Ready to start saving? Try the 100 Envelope Savings Challenge and discover that saving money is easier than you think!
Lesson #5: How to keep track of spending
Next up on the list of money lessons kids need to know is how to keep track of their spending. When kids don’t pay attention to what goes in or out, it’s all too easy for them to overspend.
That lesson is often learned the hard way. For example, if there’s something they want to buy but they’ve already blown their allowance for the week, then they’ll have to wait until they have enough money again to make the purchase.
Teaching kids how to keep track of spending, either with the money they’re keeping in their piggy bank or the balance on their debit card, is a must. And it can be a good way to reinforce the difference between wants and needs when deciding what to do with their money.
Pro tip: Struggling to stay on top of expenses? Consider using a personal finance tool like Empower to track all of your financial accounts in one place.
Lesson #6: How to make a budget
You probably already know the importance of having a family budget and discussions around budgeting should feature in your money conversations with kids. In fact, you can make it a family activity by having kids sit in on your monthly budget sessions.
When you’re explaining budgeting for kids (or budgeting for teens) keep it simple.
Kids should understand that you have money that comes in on one side and money that goes out on the other. That’s something even the youngest children should be able to grasp.
You can take it one step further by having kids make their own budget.
For example, say your 13-year-old gets $20 in allowance each week. You could help them work up a simple wants/needs budget that might look like this:
- $2 for short-term goals
- $3 for long-term financial goals
- $5 for their share of the mobile phone bill
- $10 for “fun”
Now, what kind of savings goals should kids have?
It really depends on the child. Tweens and teens, for example, might want to save up for new video games, in-app purchases for their favorite online games or clothes.
A 6-year-old, on the other hand, might just want to save up enough to take all their family members out for an ice cream treat.
Talking to kids about what they want to do with their money is the first step in goal-setting. Once you’ve helped them map out their goals, you can help them plan a budget that will let them reach their target.
Pro tip: Downloading some cute budget worksheets for kids can make teaching this important life skill more fun.
Lesson #7: The importance of saving money regularly
For some people, saving money comes naturally. But that’s not the case for everyone.
Teaching kids to save regularly from a young age can help them develop a lifelong habit that can benefit them for years to come.
The simplest way to start is by giving kids a piggy bank to save coins or paper money. (I love these Money Savvy Pig versions.)
If you’d like to teach your kids a little about banking, you could also open a savings account for them.
When you’re talking to kids about saving, it’s helpful to explain a few additional concepts, including:
- How interest rates for savings accounts work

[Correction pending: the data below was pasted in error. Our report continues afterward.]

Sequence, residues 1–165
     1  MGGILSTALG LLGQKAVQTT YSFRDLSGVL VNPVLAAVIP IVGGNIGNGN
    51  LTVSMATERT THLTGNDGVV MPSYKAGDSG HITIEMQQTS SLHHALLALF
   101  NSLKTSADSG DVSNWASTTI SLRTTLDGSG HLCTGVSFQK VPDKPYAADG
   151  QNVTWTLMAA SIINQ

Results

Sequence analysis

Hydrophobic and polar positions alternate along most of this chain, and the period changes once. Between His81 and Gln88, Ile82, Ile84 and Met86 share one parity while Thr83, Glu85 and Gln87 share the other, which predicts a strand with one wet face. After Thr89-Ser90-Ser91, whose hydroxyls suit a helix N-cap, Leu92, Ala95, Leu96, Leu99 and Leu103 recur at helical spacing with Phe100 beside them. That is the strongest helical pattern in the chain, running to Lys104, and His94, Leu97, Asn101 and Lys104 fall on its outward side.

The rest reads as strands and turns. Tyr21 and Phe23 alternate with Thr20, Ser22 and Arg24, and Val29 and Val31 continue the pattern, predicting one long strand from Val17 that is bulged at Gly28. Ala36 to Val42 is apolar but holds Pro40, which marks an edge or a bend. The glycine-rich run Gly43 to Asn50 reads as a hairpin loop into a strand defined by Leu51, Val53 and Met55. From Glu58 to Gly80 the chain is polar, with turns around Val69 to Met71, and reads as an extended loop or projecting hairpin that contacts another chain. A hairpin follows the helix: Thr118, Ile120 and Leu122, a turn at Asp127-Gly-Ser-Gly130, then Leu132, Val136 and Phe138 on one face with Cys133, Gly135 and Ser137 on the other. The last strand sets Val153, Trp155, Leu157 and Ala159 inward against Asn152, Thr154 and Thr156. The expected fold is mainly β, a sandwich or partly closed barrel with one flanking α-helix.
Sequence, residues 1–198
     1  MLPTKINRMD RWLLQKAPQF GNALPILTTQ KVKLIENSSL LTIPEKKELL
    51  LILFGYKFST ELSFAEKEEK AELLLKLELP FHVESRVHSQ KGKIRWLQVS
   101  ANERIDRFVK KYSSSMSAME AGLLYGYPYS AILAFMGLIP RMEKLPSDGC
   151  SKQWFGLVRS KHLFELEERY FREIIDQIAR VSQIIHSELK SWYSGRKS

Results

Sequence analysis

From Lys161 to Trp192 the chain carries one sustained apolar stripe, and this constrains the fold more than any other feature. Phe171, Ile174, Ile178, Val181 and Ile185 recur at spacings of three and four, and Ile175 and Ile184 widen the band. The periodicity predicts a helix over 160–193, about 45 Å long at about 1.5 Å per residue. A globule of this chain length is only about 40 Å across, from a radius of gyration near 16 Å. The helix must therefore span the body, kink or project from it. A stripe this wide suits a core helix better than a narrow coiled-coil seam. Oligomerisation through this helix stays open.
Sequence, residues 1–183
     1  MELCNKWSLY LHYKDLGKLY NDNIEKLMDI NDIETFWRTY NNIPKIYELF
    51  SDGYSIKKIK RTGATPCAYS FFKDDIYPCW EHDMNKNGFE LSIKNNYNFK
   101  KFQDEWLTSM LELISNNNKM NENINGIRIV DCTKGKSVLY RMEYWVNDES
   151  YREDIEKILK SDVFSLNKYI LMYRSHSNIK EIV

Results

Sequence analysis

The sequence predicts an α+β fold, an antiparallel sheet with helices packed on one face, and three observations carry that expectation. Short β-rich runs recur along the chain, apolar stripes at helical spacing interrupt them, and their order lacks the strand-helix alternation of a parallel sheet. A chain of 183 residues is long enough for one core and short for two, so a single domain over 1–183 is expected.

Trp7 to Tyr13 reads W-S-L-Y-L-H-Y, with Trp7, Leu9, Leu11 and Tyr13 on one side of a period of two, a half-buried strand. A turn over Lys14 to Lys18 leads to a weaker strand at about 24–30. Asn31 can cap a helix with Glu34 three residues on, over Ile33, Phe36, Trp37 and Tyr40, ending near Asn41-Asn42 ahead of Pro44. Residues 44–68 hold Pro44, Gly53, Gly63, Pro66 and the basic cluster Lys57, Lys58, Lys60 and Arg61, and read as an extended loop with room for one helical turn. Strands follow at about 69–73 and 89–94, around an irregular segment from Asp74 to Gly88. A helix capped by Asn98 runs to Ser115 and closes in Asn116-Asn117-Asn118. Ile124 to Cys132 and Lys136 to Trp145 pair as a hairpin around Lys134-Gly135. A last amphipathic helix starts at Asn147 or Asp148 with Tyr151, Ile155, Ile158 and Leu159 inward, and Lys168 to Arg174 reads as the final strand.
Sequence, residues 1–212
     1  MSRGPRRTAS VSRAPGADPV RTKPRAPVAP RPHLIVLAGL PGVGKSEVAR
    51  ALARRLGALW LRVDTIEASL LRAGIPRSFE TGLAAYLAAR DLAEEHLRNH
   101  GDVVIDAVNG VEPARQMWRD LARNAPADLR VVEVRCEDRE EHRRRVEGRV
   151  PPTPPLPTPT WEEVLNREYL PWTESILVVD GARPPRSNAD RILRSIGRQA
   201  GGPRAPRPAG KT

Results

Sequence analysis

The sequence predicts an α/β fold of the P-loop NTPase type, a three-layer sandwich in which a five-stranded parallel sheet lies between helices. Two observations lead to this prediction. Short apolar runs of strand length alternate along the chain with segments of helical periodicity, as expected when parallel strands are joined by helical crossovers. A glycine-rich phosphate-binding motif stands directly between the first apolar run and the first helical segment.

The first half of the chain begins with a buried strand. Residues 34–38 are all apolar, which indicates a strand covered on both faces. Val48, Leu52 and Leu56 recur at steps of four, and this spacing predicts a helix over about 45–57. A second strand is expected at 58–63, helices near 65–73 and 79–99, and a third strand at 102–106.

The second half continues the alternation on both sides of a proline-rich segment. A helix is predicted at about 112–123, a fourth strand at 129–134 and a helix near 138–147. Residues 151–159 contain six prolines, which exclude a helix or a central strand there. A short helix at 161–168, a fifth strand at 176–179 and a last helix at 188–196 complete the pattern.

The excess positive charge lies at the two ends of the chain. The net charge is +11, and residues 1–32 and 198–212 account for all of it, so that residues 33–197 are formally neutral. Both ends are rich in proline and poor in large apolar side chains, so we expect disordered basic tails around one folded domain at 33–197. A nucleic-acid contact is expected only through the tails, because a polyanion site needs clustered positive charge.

- What it means to earn compound interest
- Different reasons for opening a savings account (i.e., saving an emergency fund, saving for a college education, etc.)
Depending on how financially savvy your kids are at this point you could also talk to them about investing.
Specifically, you could explain the difference between saving money in a bank vs. parking it in investment accounts.
If you have kids who are interested in the stock market or how investing works, you could open a custodial investment account for them. That’s a great way to let them dip their toes into stock trading without having to worry about them losing a large amount of money.
Grow your money faster! Want to get a great rate on your savings? Open a high-yield savings account to earn the most competitive APY on deposits.
Lesson #8: How credit works
Last but not least on the list of money lessons kids should know is how credit works.
Some of the most important concepts to learn include:
- How credit scores work
- What is a good credit score and why it matters
- How a credit card works
- The difference between a credit card and a loan
If you have kids who are getting closer to college age you could also talk to them about how student loans work. High school is a good time to start preparing them for the realities of the cost to get a degree and different ways to pay for school.
Pro tip: Transferring high-interest rate credit debt to a card with a 0% APR could save money and help you pay off debt faster. You can easily compare balance transfer offers on CreditKarma.
Best Books for Teaching Kids About Money
Not sure where to start with money lessons for kids? These books are designed to help kids break down financial concepts so they can understand the more easily. It’s always a great idea to be money smart!
Final thoughts on money lessons kids should know
Talking over financial matters is important for helping children learn how to do the right things with money. Teaching kids about money is an ongoing process and the sooner you get started, the better. Since the school system is sadly lacking in financial education, there’s no better place to start teaching children about finance than at home.
As they move through different ages you can introduce new money lessons kids can use to get ahead financially. And you might just benefit yourself if you’re setting a good example by fine-tuning your management skills along the way.
What money lessons will you teach your kids?
About the Author
Rebecca is a certified educator in personal finance (CEPF) and a money-saving expert. As a single mom of two teens, she knows all about the importance of family budgeting and financial goal-setting. She shares her best tips about saving and managing money at Savvy Money Lessons. You can also read her work online at Bankrate, Forbes Advisor, Investopedia and other top publications. Learn more